Social Health Insurance Fund will change healthcare in Kenya

Dr Timothy Olweny

Social Health Authority Chairman Dr Timothy Olweny.

Photo credit: Nation Media Group

Kenya is on the cusp of a transformative era in healthcare with the ongoing implementation of the Social Health Insurance Fund (SHIF).

The Social Health Authority (SHA) is poised to replace the decades-old National Health Insurance Fund (NHIF), which has been marred by corruption scandals leading to the loss of billions in taxpayer-contributed funds.

One pivotal aspect of the SHA is its commitment to a secure digital information system. This system promises to revolutionise the tracking of supply chain processes, putting an end to the scandals that have plagued health commodities and procurement in the past.

The transparency afforded by this digital system will ensure that resources are allocated efficiently, instilling public trust in the healthcare procurement process.

The new system is a response to the urgent need for accountability, prudent spending and prevention of pilferages.

While critics argue that SHIF will exacerbate the cost of living crisis, as Health Cabinet Secretary, I know that there is no higher cost for a nation than allowing people to die from treatable and preventable diseases.

The government recognises the hardship faced by families who lose their only properties and savings to a single case of illness in the family. SHIF is a comprehensive approach that legally marshals the entire country to share the healthcare burden — a departure from traditional and WhatsApp harambees.

Under the new system, all citizens are expected to contribute 2.75 percent of their income towards the health fund. Those unable to afford contributions will be covered by the government. Unemployed Kenyans, who were previously paying Sh500 per month to the NHIF, will now pay Sh300 in a graduated arrangement based on their ability to contribute. This progressive approach aims to bring equality and equity into healthcare provision in Kenya.

SHIF does not merely address basic health services; it encompasses a wide range of healthcare services, ensuring that Kenyans have access to quality healthcare across various medical needs.

The inclusion of services such as screening, drug rehabilitation, mental health support, physiotherapy, CT scans, MRI, PET scans, X-rays, brachytherapy, outpatient and inpatient services, HIV testing, cancer screening, family planning, maternal and child clinics, surgeries, emergencies, including ambulance services, cardiac arrest, accidents, and even transplant procedures demonstrates the government's commitment to providing holistic healthcare coverage.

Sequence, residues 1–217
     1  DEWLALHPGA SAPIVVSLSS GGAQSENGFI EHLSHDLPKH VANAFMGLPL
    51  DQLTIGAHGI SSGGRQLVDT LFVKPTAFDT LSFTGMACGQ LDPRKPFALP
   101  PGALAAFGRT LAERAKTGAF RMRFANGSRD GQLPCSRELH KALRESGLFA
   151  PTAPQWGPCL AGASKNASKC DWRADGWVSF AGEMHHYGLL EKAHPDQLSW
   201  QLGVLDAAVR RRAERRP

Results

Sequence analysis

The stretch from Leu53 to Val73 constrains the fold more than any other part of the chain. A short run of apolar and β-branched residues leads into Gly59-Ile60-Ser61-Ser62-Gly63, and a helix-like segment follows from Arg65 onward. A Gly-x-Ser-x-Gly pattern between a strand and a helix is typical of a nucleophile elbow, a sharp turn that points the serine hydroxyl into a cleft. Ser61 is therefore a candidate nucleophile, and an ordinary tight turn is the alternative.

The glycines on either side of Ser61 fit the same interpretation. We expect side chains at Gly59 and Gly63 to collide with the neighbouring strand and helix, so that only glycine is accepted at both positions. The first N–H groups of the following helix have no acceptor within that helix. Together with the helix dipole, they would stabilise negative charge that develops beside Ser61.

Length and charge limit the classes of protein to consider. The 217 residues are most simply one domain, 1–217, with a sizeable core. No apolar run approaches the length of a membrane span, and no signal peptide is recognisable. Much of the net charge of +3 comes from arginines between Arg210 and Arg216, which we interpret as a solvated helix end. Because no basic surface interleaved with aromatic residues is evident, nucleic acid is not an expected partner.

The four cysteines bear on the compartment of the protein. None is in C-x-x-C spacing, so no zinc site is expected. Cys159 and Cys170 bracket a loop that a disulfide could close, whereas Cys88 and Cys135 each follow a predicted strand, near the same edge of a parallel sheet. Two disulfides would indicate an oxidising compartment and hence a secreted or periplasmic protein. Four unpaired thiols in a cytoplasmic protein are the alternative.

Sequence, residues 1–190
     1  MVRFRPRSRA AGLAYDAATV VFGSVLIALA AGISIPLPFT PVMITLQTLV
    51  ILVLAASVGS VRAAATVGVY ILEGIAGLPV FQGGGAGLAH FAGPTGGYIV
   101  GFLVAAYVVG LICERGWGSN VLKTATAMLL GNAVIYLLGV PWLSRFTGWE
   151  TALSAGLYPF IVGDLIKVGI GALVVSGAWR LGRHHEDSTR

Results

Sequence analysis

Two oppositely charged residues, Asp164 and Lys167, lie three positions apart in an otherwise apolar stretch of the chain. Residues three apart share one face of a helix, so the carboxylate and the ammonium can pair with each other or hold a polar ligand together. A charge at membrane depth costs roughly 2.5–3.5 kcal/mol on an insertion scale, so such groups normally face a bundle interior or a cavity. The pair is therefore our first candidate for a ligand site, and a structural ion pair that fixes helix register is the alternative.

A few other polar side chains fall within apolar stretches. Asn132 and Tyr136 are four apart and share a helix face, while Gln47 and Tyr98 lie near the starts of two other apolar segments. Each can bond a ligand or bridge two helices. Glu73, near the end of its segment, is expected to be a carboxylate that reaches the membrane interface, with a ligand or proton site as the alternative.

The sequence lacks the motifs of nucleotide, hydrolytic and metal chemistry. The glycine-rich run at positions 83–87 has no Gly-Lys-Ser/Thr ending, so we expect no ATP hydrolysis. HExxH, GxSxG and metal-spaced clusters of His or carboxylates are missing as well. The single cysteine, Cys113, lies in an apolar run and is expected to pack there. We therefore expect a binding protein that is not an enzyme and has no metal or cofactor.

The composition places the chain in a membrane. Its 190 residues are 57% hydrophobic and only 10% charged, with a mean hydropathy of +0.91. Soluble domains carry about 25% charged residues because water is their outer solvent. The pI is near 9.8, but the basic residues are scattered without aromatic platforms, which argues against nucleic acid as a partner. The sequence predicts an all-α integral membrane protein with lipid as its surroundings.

The foundation of this healthcare revolution lies in four pivotal laws geared towards Universal Health Coverage: the Primary Health Care Act, 2023; the Digital Health Act, 2023; the Facility Improvement Financing Act, 2023; and the Social Health Insurance Act, 2023.

These laws collectively provide a legal and institutional framework for the successful rollout of Universal Health Coverage, promising to transform healthcare in Kenya fundamentally.

The Social Health Insurance Act, in particular, represents a paradigm shift. It has repealed the problematic NHIF and established three new funds: the Primary Healthcare Fund, the Social Health Insurance Fund and the Emergency, Chronic and Critical Illness Fund.

These funds are strategically designed to cover various levels of healthcare services, from primary to emergency and chronic care, ensuring that no Kenyan is denied emergency medical treatment, as enshrined in Article 43(2) of the Constitution.

The Primary Healthcare Fund will cater to services at levels 1 to 3, the Social Health Insurance Fund will cover services at levels 4 to 6, and the Emergency, Chronic and Critical Illness Fund will handle costs once social health insurance is depleted. This tripartite structure not only fulfills constitutional mandates but also addresses the practical aspects of healthcare delivery, ensuring a seamless and comprehensive coverage system.

In addition to the SHI Act, two other laws play crucial roles in fortifying Kenya's healthcare infrastructure: The Facility Improvement Financing Act and the Digital Health Act. The Facility Improvement Financing Act directly tackles underfunding in public health facilities, a persistent challenge that has hindered the quality of healthcare services.

By addressing this issue head-on, the government aims to enhance the capacity and capabilities of public health facilities, providing better services to all citizens by collecting, retaining, and planning for use of revenues generated from facilities.

The Digital Health Act, on the other hand, signals a leap forward in technology adoption for healthcare in Kenya. It aims to establish and maintain a comprehensive integrated health information system that links all the major pillars of UHC, i.e. Health Commodity, Health Financing and Human Resources for Health.

By leveraging on technology, the government aims to enhance data sharing and resource utilization, creating a more efficient and responsive healthcare system. This digital transformation aligns with global trends and ensures that Kenya's healthcare infrastructure is not only robust but also capable of adapting to future challenges.

The writer is the Cabinet Secretary for Health.

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